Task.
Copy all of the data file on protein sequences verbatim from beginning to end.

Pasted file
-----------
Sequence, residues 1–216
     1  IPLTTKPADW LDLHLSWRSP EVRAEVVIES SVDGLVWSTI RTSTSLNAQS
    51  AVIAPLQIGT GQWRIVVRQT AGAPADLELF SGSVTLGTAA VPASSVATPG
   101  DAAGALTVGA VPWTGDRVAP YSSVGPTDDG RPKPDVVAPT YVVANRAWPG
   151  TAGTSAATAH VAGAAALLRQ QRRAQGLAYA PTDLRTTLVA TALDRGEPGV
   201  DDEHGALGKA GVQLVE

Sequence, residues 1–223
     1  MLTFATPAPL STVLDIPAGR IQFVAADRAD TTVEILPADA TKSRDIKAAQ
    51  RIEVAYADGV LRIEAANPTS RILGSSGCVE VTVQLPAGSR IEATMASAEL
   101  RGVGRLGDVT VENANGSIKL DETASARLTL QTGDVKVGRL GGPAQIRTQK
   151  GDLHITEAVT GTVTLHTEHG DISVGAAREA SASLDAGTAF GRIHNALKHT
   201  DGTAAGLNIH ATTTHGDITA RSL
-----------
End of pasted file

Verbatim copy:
Sequence, residues 1–216
     1  IPLTTKPADW LDLHLSWRSP EVRAEVVIES SVDGLVWSTI RTSTSLNAQS
    51  AVIAPLQIGT GQWRIVVRQT AGAPADLELF SGSVTLGTAA VPASSVATPG
   101  DAAGALTVGA VPWTGDRVAP YSSVGPTDDG RPKPDVVAPT YVVANRAWPG
   151  TAGTSAATAH VAGAAALLRQ QRRAQGLAYA PTDLRTTLVA TALDRGEPGV
   201  DDEHGALGKA GVQLVE

Sequence, residues 1–223
     1  MLTFATPAPL STVLDIPAGR IQFVAADRAD TTVEILPADA TKSRDIKAAQ
    51  RIEVAYADGV LRIEAANPTS RILGSSGCVE VTVQLPAGSR IEATMASAEL
   101  RGVGRLGDVT VENANGSIKL DETASARLTL QTGDVKVGRL GGPAQIRTQK
   151  GDLHITEAVT GTVTLHTEHG DISVGAAREA SASLDAGTAF GRIHNALKHT
   201  DGTAAGLNIH ATTTHGDITA RSL